Look off into the distance. Not to daydream, but to focus on a steady point away from the rocky boat, plane, or car. If there isn't a tree or barn or other specific object in the distance to focus on, stare out at the horizon, where the sky meets the earth (or water). Again, this will allow your eyes to see that you are moving -- to match the movement your body feels -- without making you dizzy, the way that watching telephone poles or mile markers whizzing by can make you feel.

Leave your reading at home. If you read in a car, your eyes stay fixed on a stationery object, yet your body feels the motion of the car -- again setting up that sensory contradiction. Instead, focus on the road in front of you or at a distant object so all your senses can confirm that you are on the move.

Volunteer to drive. Drivers are so busy watching the road that they're less apt to get carsick.

Eat a little or don't eat at all. Sometimes eating helps, sometimes it doesn't. Experiment to see what works for you. About an hour before you leave, eat some plain crackers or a piece of bread or toast. If it makes you feel worse, don't eat next time -- keep your stomach calm and empty, in case you should start to get nauseated.

Avoid heavy foods and odors. The smell of spicy or greasy foods and strong odors can prompt motion sickness before or during a trip. So skip the stop at the roadside diner.

Say no to alcohol. Avoid alcoholic beverages before and during a trip. It can worsen motion sickness.

Stay calm, cool, and collected. Sometimes, just the thought of getting sick can make you sick. The same goes for those who are anxious about what they're about to do, like flying in a plane or riding in a boat. Try to stay as calm and relaxed as possible. Take a few deep breaths, and tell yourself that you will not get sick.

Try over-the-counter remedies. Antihistamines, such as Dramamine, Bonine, and Marezine, should be taken at least an hour before the trip for maximum effectiveness. Always check the label for warnings and possible side effects, such as drowsiness or blurred vision, and take necessary precautions, such as not driving a car.

Stay away from others who are sick. The power of suggestion is very strong, especially if you have a tendency to get a bit "green" yourself. As callous as it may sound, let someone with a sturdier stomach tend to the sick; you should be looking at the horizon or at another steady point in the distance.

These lifestyle adjustments are not the only remedies for motion sickness. In the next section, we'll tell you about nutritional home remedies for that sick feeling in your stomach.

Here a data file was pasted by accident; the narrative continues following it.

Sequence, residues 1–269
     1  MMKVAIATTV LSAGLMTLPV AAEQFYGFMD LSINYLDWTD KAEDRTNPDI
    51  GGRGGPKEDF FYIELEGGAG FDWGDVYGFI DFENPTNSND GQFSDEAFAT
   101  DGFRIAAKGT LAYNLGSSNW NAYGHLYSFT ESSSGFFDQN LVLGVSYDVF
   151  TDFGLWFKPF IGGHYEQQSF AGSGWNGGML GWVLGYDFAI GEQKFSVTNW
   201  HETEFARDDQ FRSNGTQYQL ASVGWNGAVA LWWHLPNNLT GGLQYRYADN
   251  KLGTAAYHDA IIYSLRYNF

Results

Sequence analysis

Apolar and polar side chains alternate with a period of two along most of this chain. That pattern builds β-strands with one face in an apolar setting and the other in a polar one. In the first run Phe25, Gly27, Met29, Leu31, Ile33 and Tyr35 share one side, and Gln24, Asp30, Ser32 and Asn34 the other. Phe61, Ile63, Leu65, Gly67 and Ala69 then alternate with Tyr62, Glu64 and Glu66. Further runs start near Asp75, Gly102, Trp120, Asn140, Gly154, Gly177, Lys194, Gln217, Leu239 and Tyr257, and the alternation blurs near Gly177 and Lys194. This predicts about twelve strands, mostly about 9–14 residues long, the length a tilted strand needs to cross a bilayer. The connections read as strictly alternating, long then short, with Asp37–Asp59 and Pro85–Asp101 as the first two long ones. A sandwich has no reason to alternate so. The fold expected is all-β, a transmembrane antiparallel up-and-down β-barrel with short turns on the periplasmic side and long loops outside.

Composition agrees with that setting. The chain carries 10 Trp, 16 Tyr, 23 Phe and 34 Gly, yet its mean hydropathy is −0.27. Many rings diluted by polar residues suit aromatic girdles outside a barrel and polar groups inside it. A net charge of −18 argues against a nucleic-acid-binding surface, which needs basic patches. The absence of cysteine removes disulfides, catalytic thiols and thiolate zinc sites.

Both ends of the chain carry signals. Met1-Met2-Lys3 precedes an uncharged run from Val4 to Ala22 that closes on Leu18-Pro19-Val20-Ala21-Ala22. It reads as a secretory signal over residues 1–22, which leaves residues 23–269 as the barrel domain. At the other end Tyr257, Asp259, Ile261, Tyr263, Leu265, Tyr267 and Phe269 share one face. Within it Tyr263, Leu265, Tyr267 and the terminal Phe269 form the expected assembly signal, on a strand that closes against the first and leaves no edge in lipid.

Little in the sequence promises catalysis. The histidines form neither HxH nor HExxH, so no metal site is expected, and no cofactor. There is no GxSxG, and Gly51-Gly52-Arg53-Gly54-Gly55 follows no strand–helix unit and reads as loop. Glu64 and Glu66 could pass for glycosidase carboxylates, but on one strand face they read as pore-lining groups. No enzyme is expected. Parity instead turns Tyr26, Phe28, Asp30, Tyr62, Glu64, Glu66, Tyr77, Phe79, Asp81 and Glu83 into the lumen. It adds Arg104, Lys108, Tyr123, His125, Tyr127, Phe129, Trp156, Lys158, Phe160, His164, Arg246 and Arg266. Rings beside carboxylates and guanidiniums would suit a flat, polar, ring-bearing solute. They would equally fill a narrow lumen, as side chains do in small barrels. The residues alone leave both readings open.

For more information about remedying stomach problems, try the following links:

This information is solely for informational purposes. IT IS NOT INTENDED TO PROVIDE MEDICAL ADVICE. Neither the Editors of Consumer Guide (R), Publications International, Ltd., the author nor publisher take responsibility for any possible consequences from any treatment, procedure, exercise, dietary modification, action or application of medication which results from reading or following the information contained in this information. The publication of this information does not constitute the practice of medicine, and this information does not replace the advice of your physician or other health care provider. Before undertaking any course of treatment, the reader must seek the advice of their physician or other health care provider. The brand name products mentioned in this publication are trademarks or service marks of their respective companies. The mention of any product in this publication does not constitute an endorsement by the respective proprietors of Publications International, Ltd. or HowStuffWorks.com, nor does it constitute an endorsement by any of these companies that their products should be used in the manner described in this publication.

Natural Home Remedies for Motion Sickness

©2007 Publications International, Ltd. Drinking decaffeinated tea at the first sign of motion sickness may help relieve nausea.

No one can completely avoid motion sickness. Even astronauts have bouts of nausea every now and then. Fortunately, what you eat or drink can ease, and even prevent, a bout of motion sickness. Here are a few such remedies.